I don't feel persecuted against or made fun of in any way. I have not a bitter bone in my body. I am enjoying this forum and the discussions I've been a part of, and you are a significant contributor, which I appreciate.

As far as the school kicking out the gay kid, what did he expect? These people don't want sexually active kids in their school, that's just the way it is. It's in their bloody handbook or pledge or whatever he had to sign. They don't want any of their students having sex at all, and they'll kick out any sexualy active person, heterosexuals too.

Here's my take on it: If you want to go to that school and you want to have any type of sex you have basically three options. You can sign that thing and accept the fact that if you get caught your ass is expelled, or you can sign it and actually practice abstinence for awhile, or you can go find another school where they don't make you sign pledges that you're not going to follow. It's pretty simple.

If you lie about something on an application or sign something without intending to go along with it, you shouldn't be surprised if you get kicked out.

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Posted: Sun Jan 16, 2005 9:44 pm
Indie
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I didn't think you would be offended but I wasn't sure by your post.

It is my opinion that leaders of a Christian institution should act like Jesus. Sure its against the rules of the school to have sex (I don't think it even said that he did in the article). But are we going to get nitpicky about rules or are we going to obey the spirit of the law, the greatest and 2nd greatest commands? The story in the Bible about Jesus and the woman caught in adultery is illustrative. The rules said she should be stoned but Jesus followed the law of love rather than the letter of the law. That is what I would like Christians today to do.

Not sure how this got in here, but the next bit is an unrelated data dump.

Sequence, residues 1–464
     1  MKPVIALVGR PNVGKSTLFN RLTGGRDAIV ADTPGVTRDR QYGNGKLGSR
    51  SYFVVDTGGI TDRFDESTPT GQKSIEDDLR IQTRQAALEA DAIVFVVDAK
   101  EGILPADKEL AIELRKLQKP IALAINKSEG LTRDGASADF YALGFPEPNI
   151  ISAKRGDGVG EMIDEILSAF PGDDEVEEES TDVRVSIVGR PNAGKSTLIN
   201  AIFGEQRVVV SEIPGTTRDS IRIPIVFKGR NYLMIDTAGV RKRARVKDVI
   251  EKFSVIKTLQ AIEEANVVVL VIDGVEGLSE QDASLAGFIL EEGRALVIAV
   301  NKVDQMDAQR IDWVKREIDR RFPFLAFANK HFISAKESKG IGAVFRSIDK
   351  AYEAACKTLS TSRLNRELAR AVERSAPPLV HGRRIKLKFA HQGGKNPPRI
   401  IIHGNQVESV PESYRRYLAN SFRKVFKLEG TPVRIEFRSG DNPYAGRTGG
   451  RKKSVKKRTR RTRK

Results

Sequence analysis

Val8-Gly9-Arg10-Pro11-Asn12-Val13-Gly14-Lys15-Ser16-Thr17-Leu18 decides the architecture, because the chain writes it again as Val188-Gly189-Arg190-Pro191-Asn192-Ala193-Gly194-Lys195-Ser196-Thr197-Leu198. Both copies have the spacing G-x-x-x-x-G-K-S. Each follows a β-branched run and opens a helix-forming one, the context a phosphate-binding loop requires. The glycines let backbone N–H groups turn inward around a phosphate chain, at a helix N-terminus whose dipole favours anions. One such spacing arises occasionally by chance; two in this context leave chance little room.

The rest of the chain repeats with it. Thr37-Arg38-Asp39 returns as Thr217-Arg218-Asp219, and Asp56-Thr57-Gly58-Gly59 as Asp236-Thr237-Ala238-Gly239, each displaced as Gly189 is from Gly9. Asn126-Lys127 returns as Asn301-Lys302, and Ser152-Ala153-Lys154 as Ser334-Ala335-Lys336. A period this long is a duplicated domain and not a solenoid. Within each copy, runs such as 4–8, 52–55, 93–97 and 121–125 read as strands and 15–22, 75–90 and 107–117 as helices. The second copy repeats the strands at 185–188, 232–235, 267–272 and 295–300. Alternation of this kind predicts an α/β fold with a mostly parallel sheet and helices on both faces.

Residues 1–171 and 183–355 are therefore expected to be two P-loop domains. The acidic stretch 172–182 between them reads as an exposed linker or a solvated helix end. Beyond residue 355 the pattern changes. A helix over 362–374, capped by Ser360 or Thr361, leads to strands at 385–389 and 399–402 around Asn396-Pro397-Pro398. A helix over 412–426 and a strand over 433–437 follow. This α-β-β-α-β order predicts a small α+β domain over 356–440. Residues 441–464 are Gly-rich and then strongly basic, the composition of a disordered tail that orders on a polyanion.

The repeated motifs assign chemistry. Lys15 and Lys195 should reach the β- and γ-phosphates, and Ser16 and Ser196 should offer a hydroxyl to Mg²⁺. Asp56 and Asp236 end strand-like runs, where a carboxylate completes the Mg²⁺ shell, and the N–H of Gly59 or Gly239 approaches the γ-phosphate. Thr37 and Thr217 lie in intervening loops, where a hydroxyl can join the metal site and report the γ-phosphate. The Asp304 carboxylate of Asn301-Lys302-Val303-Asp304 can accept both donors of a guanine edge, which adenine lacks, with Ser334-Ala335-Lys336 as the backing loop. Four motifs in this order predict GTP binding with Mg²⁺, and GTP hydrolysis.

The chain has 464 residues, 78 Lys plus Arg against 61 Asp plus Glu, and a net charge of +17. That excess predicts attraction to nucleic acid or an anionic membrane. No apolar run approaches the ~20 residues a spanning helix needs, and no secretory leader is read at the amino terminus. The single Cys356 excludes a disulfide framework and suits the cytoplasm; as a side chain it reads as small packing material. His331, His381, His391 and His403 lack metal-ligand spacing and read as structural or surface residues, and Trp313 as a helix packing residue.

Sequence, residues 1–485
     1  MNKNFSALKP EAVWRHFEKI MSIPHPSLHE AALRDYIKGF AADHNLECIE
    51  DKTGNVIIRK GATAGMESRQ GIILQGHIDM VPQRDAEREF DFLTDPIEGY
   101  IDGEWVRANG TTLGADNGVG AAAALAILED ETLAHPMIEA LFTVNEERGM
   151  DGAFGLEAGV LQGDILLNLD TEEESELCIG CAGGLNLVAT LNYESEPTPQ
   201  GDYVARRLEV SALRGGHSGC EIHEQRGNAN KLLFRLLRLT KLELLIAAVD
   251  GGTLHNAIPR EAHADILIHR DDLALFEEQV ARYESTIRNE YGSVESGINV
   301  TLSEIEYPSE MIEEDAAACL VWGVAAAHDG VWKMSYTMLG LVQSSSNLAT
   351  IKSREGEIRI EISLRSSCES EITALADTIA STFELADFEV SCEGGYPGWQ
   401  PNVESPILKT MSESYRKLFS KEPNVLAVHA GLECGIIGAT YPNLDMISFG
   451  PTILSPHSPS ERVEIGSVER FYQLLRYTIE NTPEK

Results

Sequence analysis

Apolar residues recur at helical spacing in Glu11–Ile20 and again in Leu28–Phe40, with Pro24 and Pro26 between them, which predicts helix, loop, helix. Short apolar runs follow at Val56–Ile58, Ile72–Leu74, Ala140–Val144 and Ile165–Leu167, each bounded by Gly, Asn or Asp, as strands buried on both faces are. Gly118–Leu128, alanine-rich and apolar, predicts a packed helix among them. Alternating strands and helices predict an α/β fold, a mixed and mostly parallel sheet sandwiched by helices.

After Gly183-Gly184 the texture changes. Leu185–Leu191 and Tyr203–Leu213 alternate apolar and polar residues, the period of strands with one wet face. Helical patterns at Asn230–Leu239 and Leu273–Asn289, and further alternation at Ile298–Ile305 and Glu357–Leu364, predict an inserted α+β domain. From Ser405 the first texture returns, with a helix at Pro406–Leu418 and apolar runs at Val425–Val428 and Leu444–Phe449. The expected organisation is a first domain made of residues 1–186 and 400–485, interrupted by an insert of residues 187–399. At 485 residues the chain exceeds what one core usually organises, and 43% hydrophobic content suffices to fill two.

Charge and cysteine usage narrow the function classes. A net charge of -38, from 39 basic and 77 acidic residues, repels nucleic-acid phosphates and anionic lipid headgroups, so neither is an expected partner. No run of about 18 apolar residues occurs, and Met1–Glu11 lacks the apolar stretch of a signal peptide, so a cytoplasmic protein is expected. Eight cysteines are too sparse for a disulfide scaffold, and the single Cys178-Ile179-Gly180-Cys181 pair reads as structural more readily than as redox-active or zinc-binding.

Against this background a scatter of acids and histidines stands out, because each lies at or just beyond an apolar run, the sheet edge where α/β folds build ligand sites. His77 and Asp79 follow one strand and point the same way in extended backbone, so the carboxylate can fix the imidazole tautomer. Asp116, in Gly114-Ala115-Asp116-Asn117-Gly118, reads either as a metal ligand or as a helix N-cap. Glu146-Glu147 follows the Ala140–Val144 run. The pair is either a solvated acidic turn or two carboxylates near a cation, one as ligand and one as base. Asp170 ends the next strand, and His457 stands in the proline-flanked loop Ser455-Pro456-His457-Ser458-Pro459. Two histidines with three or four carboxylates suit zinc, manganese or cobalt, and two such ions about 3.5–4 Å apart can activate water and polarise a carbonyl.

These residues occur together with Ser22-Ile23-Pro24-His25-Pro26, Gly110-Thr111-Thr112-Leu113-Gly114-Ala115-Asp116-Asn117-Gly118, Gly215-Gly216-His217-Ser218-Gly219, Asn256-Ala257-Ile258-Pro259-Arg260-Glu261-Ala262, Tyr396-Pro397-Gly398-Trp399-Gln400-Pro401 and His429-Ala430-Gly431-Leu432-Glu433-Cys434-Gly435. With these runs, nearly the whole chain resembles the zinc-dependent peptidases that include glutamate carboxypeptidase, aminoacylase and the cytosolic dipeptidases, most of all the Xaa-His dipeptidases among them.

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Posted: Mon Jan 17, 2005 6:38 pm
astrotoby
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That would be nice, you're right. People should be nice. But they're not. Schools should be nice and friendly and inclusive and perfect, but they're not.

Sometimes people who believe in certain things have convictions about bringing up kids to believe the same things, which is not bad, because kids need to have some type of belief system, either to adopt or to rebel against, otherwise they grow up without beliefs or convictions of their own.

Plus if you believe one way of thinking is right and another is wrong, then you're going to want to spread the word about that belief and hopefully enlighten people who don't believe the correct things. This makes sense and is a good motivation actually. If people believe something wrong, it's a good idea to try and teach them about what is right.

Schools have to have rules and guidelines spelled out in some type of handbook, so they can have something in black and white to reffer to for disciplinary matters and other matters that come up. Some educators put emphasis on certain rules over other ones, especially regarding student's behavior while attending the school. Some tend to focus on areas of morality and conduct and lifestyle.

These types of schools are basically in existence to perpetuate and carry on legacies and traditions of morality, and if you are fundamentally opposed to those types of traditions and legacies then you should think about attending another school. If you're a pacifist don't go to West Point, you'll get kicked out. If you hate movies don't go to film school. If you're gay, don't go to Trinity Christian.

[+] censorship
Posted: Mon Jan 17, 2005 11:49 pm
astrotoby
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Did somebody edit my ***** post!!??!!?? You better hope I don't find out who you are, you ******, because I will "kick you out"!!!!!!

I keed, I keed. I'll try to watch my French. But I am from Canada, so I don't know how good that's going to work out. We're bilingual you know.